Look around campus for details for Yodapez’s last performance of the semester next Wednesday; Photo courtesy of Sarah Gamblin '17
Look around campus for details for Yodapez’s last performance of the semester next Wednesday; Photo courtesy of Sarah Gamblin '17

What’s improv, anyway?

By Zac Ball ’20

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Improvisation takes many forms on and off stage. From the get go, the vibe at an improv show is different from other types of comedy. A huge part of improv is audience participation, so when you step out on stage there is no disconnect between your performance and what the audience wants to see. 

Hamilton’s improv group, Yodapez, has very intimate shows that give the audience incentive to participate. Of my two shows this semester with Yodapez, our themes have been a Valentine’s Day show and a “Fancy Pants” show. A lot of conversation at practice goes into the themes so that we can attract an audience that really wants to see improv take form on stage.

In the lineup of a show, there will typically be several different games. A few short games are rapid fire based on one word suggestions from the audience that have to do with a relationship, a place or an object. These are followed by a long form game that can last for about ten minutes, which can be taken from one word suggestions and is divided into several scenes that may or may not have anything to do with the others. Words that have been thrown out at shows that I have been in include: moon (place), teacher/student (relationship) and plunger (object); the difficulty then, is just jumping into a scene and making these suggestions into engaging, humorous scenes. Suggestions are not the only way for the audience to participate, though.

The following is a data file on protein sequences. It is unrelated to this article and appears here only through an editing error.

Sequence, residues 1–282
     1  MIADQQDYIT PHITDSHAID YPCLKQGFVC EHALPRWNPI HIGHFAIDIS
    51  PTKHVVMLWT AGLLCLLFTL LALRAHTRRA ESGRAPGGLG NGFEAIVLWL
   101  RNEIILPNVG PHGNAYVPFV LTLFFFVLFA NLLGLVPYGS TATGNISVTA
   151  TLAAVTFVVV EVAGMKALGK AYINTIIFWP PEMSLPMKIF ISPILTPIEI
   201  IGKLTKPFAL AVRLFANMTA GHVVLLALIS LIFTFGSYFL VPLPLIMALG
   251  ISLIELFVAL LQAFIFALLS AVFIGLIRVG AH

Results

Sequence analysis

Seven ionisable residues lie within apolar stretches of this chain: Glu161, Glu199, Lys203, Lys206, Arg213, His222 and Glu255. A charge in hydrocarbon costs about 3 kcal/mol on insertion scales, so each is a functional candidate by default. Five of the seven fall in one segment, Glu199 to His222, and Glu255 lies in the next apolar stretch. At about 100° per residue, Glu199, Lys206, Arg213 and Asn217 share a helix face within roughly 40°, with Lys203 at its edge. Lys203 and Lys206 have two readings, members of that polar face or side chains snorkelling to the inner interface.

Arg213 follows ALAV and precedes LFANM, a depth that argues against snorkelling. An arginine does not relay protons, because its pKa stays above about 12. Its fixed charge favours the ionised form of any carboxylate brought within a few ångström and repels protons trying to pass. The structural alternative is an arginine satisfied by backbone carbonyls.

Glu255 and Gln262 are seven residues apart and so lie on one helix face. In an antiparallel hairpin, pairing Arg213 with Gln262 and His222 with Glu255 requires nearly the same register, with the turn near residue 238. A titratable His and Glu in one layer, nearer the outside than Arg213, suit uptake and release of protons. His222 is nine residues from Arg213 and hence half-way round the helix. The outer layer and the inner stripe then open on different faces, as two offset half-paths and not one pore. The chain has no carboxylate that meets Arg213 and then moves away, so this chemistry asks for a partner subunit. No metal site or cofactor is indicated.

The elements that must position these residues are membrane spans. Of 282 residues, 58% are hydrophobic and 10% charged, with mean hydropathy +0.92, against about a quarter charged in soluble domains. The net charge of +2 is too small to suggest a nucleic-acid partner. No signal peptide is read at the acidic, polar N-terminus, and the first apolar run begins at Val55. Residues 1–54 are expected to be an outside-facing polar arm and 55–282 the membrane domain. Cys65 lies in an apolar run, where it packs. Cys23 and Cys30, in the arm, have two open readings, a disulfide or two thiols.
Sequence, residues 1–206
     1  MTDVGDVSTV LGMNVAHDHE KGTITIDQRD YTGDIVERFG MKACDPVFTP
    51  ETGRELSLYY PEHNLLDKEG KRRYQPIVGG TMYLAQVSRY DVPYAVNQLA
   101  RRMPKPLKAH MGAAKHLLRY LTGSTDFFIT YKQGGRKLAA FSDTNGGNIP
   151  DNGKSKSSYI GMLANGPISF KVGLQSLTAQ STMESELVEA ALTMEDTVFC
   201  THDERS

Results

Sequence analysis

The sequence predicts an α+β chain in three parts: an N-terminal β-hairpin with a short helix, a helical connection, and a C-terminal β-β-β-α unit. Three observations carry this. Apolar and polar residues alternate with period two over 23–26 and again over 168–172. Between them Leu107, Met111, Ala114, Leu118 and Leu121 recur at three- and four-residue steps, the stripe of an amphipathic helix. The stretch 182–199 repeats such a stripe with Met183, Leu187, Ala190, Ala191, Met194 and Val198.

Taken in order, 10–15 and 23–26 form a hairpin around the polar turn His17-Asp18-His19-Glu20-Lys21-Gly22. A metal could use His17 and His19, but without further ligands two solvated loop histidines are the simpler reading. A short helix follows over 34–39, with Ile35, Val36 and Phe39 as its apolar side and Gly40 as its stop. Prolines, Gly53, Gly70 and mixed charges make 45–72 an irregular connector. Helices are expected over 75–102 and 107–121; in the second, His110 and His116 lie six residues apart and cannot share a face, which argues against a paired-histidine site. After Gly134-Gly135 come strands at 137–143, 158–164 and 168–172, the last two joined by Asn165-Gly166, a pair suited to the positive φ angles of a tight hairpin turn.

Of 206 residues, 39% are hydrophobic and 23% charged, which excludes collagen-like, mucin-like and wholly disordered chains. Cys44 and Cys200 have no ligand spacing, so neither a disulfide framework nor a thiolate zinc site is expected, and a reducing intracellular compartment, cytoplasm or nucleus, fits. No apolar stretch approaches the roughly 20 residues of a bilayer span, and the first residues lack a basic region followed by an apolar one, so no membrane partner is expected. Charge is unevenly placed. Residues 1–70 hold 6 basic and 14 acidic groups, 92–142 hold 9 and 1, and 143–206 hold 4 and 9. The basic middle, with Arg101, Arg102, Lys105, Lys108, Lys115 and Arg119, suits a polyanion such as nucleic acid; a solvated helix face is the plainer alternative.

Throughout a performance, the audience forms a relationship with jokes and characters that come up; during that relationship, the audience members are let in on a joke. This is the game of a scene–there is a general trend of humor or a bit that reoccurs throughout that informs the audiences and keeps them invested in the show. That the performers know as much about the scene as the people watching seems to be the most special aspect of an improvised performance because there is a shared state of uncertainty.

Of course, this leads to a certain feeling of anticipation for both performer and spectator in that it is like having a real life conversation. Because this is the case, as a performer, it is essential to think quickly. Sometimes improv is not what you expect as a performer because it is not effective to force out a joke. There must be a balance of humor and genuine conversation that the audience may or may not find hysterical. In this way, there can be a disconnect between what the performers deliver as funny and what the audience receives as funny. 

For me, the best moments with Yodapez have been when I am surprised by the audience’s reaction during a scene and have to pause for their laughter to dwindle before continuing a scene. This adds a layer of excitement to a performance because the dynamic rests so heavily with the audience. 

Improvising is really a team effort in that improvisers must trust the people they are performing with, and they must trust the audience. Yodapez is a great group because we spend time together at rehearsal and outside of improv so that we can work more dynamically with each other on stage. It is important to note that audiences vary, and so do moods, but it is also important to stay out of your head and in the scene. 

Improvising can take so many forms and it does not only happen on stage. People improvise constantly in daily interactions; making those daily interactions funny is what makes improv a performance. This is why improv is so important, for it helps audiences see the humor in mundane relationships, places and objects that they suggest. 

If you want to see improv in action, come see Yodapez’s next performance on Wednesday, April 26 around sunset at the KTSA amphitheater (rain location is to be determined)! Look for posters in Commons and McEwen. 

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